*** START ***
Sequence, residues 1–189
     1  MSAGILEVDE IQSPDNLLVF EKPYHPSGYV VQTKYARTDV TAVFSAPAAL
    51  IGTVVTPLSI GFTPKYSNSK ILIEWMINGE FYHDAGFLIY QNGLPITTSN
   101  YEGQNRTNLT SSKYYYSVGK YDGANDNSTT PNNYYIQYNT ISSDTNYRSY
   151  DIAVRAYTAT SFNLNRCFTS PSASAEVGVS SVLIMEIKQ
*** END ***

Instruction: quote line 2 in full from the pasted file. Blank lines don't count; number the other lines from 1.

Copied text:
     1  MSAGILEVDE IQSPDNLLVF EKPYHPSGYV VQTKYARTDV TAVFSAPAAL